Wednesday, July 2, 2014

SQL Architecture

SQL Server Architecture

Components of the SQL Server Engine

Figure 1-1 shows the general architecture of SQL Server, which has four major components (three of whose subcomponents are listed): protocols, the relational engine (also called the Query Processor), the storage engine, and the SQLOS. Every batch submitted to SQL Server for execution, from any client application, must interact with these four components. (For simplicity, I’ve made some minor omissions and simplifications and ignored certain “helper” modules among the subcomponents.)

Figure 1-1: The major components of the SQL Server database engine
The protocol layer receives the request and translates it into a form that the relational engine can work with, and it also takes the final results of any queries, status messages, or error messages and translates them into a form the client can understand before sending them back to the client. The relational engine layer accepts SQL batches and determines what to do with them. For Transact-SQL queries and programming constructs, it parses, compiles, and optimizes the request and oversees the process of executing the batch. As the batch is executed, if data is needed, a request for that data is passed to the storage engine. The storage engine manages all data access, both through transaction-based commands and bulk operations such as backup, bulk insert, and certain DBCC (Database Consistency Checker) commands. The SQLOS layer handles activities that are normally considered to be operating system responsibilities, such as thread management (scheduling), synchronization primitives, deadlock detection, and memory management, including the buffer pool.


When an application communicates with the SQL Server Database Engine, the application programming interfaces (APIs) exposed by the protocol layer formats the communication using a Microsoft-defined format called a tabular data stream (TDS) packet. There are Net-Libraries on both the server and client computers that encapsulate the TDS packet inside a standard communication protocol, such as TCP/IP or Named Pipes. On the server side of the communication, the Net-Libraries are part of the Database Engine, and that protocol layer is illustrated in Figure 1-1. On the client side, the Net-Libraries are part of the SQL Native Client. The configuration of the client and the instance of SQL Server determine which protocol is used.
SQL Server can be configured to support multiple protocols simultaneously, coming from different clients. Each client connects to SQL Server with a single protocol. If the client program does not know which protocols SQL Server is listening on, you can configure the client to attempt multiple protocols sequentially. The following protocols are available:
·         Shared Memory   The simplest protocol to use, with no configurable settings. Clients using the Shared Memory protocol can connect only to a SQL Server instance running on the same computer, so this protocol is not useful for most database activity. Use this protocol for troubleshooting when you suspect that the other protocols are configured incorrectly. Clients using MDAC 2.8 or earlier cannot use the Shared Memory protocol. If such a connection is attempted, the client is switched to the Named Pipes protocol.
·         Named Pipes   A protocol developed for local area networks (LANs). A portion of memory is used by one process to pass information to another process, so that the output of one is the input of the other. The second process can be local (on the same computer as the first) or remote (on a networked computer).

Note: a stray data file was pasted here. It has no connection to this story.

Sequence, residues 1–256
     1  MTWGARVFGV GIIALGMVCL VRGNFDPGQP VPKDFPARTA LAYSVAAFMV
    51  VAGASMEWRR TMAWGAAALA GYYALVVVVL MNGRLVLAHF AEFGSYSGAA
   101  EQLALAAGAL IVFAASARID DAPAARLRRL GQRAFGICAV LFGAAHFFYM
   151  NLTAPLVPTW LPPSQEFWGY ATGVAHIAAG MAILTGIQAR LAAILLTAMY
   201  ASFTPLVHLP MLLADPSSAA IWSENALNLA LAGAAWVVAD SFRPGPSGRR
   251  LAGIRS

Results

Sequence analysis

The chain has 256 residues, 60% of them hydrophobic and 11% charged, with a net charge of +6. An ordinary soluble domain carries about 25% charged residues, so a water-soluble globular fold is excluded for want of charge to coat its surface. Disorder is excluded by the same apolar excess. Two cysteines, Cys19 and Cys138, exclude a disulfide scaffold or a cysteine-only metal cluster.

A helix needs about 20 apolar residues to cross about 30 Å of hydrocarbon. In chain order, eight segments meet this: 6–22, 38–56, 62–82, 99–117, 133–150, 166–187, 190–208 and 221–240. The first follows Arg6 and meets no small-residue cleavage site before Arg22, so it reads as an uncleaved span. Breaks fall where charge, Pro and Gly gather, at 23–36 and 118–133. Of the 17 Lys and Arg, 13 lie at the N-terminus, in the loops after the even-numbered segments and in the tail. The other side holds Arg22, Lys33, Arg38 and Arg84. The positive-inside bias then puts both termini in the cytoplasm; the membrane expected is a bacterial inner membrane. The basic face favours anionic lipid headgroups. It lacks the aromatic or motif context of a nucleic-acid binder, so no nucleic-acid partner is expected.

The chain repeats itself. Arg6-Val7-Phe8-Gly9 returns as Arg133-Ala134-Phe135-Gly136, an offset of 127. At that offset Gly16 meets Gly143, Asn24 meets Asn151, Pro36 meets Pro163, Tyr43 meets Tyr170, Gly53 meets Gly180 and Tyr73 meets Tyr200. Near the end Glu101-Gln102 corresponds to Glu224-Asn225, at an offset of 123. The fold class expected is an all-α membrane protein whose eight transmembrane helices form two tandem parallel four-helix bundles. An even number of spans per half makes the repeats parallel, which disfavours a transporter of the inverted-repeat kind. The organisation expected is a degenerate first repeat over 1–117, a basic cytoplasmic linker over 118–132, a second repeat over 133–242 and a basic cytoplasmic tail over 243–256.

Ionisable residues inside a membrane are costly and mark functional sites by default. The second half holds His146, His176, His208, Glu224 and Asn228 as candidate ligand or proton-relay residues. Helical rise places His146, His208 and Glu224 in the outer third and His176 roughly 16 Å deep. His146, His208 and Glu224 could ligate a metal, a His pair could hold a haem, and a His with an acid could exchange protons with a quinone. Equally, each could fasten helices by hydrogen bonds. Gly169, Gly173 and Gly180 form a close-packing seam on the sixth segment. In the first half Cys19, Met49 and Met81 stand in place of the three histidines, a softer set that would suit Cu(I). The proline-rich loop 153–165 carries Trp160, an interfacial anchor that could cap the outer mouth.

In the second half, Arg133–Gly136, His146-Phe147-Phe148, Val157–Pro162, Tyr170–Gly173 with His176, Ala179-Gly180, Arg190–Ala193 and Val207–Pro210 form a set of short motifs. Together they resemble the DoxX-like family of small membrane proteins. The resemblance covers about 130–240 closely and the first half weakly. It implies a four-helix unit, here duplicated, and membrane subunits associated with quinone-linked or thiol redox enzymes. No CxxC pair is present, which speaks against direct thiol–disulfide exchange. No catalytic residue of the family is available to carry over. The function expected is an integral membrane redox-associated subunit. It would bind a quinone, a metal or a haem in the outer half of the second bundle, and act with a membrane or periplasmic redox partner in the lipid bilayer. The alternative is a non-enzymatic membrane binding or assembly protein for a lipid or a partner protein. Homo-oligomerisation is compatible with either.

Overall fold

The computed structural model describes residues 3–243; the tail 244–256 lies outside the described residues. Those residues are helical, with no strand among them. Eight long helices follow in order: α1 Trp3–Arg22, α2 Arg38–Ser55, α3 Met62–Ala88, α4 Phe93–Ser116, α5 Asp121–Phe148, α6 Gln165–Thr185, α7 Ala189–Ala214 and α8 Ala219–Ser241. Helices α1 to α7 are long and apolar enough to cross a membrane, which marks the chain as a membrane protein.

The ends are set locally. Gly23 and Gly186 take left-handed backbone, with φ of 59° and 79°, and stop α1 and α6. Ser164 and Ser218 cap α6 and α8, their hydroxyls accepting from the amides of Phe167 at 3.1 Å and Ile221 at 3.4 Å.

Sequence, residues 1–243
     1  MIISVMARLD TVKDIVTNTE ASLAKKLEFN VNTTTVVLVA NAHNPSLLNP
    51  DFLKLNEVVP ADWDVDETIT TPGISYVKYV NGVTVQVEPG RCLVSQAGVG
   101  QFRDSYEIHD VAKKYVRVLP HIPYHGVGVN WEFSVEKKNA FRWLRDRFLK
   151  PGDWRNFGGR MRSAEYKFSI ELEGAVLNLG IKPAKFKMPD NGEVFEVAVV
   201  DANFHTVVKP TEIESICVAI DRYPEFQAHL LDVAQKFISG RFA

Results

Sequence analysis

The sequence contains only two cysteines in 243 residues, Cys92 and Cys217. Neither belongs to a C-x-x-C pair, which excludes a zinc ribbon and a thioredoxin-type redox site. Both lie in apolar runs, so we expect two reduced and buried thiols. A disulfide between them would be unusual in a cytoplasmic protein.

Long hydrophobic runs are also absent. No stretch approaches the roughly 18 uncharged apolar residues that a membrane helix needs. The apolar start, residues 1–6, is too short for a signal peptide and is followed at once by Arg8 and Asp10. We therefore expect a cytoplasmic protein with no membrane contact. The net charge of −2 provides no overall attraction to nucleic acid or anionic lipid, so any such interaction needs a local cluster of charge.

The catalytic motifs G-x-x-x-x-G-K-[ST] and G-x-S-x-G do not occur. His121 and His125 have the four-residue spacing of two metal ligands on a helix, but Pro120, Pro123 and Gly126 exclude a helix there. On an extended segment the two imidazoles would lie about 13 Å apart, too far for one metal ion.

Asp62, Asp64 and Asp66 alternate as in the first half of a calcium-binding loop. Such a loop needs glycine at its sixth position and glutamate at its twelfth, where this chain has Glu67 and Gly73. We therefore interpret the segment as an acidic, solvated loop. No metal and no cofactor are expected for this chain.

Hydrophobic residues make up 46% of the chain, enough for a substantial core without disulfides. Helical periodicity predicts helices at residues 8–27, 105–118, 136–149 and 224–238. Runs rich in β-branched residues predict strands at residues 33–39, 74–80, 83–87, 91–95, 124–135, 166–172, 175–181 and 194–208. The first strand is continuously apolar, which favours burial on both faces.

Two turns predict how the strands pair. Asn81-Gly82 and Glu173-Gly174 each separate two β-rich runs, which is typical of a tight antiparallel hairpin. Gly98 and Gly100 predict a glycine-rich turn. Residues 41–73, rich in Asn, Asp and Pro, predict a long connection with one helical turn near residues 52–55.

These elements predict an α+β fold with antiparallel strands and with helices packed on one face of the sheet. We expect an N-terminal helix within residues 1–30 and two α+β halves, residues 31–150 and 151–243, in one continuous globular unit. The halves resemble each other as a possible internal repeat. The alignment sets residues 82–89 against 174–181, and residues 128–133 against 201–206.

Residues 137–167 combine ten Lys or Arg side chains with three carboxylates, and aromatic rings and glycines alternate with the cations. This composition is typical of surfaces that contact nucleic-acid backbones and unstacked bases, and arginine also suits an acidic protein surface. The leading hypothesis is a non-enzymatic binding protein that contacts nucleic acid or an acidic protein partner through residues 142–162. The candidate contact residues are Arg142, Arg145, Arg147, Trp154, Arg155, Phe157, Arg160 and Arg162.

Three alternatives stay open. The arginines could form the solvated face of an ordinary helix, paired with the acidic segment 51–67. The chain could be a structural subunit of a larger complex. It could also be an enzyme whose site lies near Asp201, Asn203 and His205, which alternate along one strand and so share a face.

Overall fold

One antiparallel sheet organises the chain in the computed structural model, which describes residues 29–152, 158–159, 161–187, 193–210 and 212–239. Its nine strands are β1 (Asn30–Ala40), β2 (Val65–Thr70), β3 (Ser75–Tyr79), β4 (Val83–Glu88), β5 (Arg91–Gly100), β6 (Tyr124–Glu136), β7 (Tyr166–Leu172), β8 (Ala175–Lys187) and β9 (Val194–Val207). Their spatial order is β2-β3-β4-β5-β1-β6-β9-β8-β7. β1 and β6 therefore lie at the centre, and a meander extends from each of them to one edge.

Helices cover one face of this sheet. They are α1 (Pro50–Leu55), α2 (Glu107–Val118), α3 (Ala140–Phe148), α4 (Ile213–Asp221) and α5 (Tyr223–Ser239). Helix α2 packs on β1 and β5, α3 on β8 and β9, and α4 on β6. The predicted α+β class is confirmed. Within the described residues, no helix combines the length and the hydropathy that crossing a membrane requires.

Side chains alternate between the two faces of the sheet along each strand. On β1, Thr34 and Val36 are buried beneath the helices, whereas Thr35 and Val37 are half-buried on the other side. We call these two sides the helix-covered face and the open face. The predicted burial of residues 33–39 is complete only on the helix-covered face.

·         TCP/IP   The most widely used protocol over the Internet. TCP/IP can communicate across interconnected networks of computers with diverse hardware architectures and operating systems. It includes standards for routing network traffic and offers advanced security features. Enabling SQL Server to use TCP/IP requires the most configuration effort, but most networked computers are already properly configured.
·         Virtual Interface Adapter (VIA)   A protocol that works with VIA hardware. This is a specialized protocol; configuration details are available from your hardware vendor.

Tabular Data Stream Endpoints

SQL Server 2005 also introduces a new concept for defining SQL Server connections: the connection is represented on the server end by a TDS endpoint. During setup, SQL Server creates an endpoint for each of the four Net-Library protocols supported by SQL Server, and if the protocol is enabled, all users have access to it. For disabled protocols, the endpoint still exists but cannot be used. An additional endpoint is created for the dedicated administrator connection (DAC), which can be used only by members of the sysadmin fixed server role. (I’ll discuss the DAC in more detail in configuration chapter.)

The Relational Engine

As mentioned earlier, the relational engine is also called the query processor. It includes the components of SQL Server that determine exactly what your query needs to do and the best way to do it. By far the most complex component of the query processor, and maybe even of the entire SQL Server product, is the query optimizer, which determines the best execution plan for the queries in the batch.
The relational engine also manages the execution of queries as it requests data from the storage engine and processes the results returned. Communication between the relational engine and the storage engine is generally in terms of OLE DB row sets. (Row set is the OLE DB term for a result set.) The storage engine comprises the components needed to actually access and modify data on disk.

The Command Parser

The command parser handles Transact-SQL language events sent to SQL Server. It checks for proper syntax and translates Transact-SQL commands into an internal format that can be operated on. This internal format is known as a query tree. If the parser doesn’t recognize the syntax, a syntax error is immediately raised that identifies where the error occurred. However, non-syntax error messages cannot be explicit about the exact source line that caused the error. Because only the command parser can access the source of the statement, the statement is no longer available in source format when the command is actually executed.

The Query Optimizer

The query optimizer takes the query tree from the command parser and prepares it for execution. Statements that can’t be optimized, such as flow-of-control and DDL commands, are compiled into an internal form. The statements that are optimizable are marked as such and then passed to the optimizer. The optimizer is mainly concerned with the DML statement SELECT, INSERT, UPDATE, and DELETE, which can be processed in more than one way, and it is the optimizer’s job to determine which of the many possible ways is the best. It compiles an entire command batch, optimizes queries that are optimizable, and checks security. The query optimization and compilation result in an execution plan.